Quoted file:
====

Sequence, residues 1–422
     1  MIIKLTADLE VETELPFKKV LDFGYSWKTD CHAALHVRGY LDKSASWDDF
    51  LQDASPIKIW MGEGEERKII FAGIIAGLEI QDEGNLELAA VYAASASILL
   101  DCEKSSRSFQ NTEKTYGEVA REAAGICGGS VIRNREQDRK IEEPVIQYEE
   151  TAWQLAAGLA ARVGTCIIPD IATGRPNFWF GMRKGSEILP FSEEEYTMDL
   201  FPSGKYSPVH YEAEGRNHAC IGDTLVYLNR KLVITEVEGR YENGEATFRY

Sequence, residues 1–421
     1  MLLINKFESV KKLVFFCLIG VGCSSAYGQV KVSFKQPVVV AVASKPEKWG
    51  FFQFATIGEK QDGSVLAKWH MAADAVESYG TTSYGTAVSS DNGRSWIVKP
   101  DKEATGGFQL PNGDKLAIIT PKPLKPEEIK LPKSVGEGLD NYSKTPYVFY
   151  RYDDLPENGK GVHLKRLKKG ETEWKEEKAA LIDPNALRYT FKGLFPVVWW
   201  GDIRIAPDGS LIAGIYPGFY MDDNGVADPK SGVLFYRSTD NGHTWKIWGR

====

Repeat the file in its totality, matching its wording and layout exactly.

Sequence, residues 1–422
     1  MIIKLTADLE VETELPFKKV LDFGYSWKTD CHAALHVRGY LDKSASWDDF
    51  LQDASPIKIW MGEGEERKII FAGIIAGLEI QDEGNLELAA VYAASASILL
   101  DCEKSSRSFQ NTEKTYGEVA REAAGICGGS VIRNREQDRK IEEPVIQYEE
   151  TAWQLAAGLA ARVGTCIIPD IATGRPNFWF GMRKGSEILP FSEEEYTMDL
   201  FPSGKYSPVH YEAEGRNHAC IGDTLVYLNR KLVITEVEGR YENGEATFRY

Sequence, residues 1–421
     1  MLLINKFESV KKLVFFCLIG VGCSSAYGQV KVSFKQPVVV AVASKPEKWG
    51  FFQFATIGEK QDGSVLAKWH MAADAVESYG TTSYGTAVSS DNGRSWIVKP
   101  DKEATGGFQL PNGDKLAIIT PKPLKPEEIK LPKSVGEGLD NYSKTPYVFY
   151  RYDDLPENGK GVHLKRLKKG ETEWKEEKAA LIDPNALRYT FKGLFPVVWW
   201  GDIRIAPDGS LIAGIYPGFY MDDNGVADPK SGVLFYRSTD NGHTWKIWGR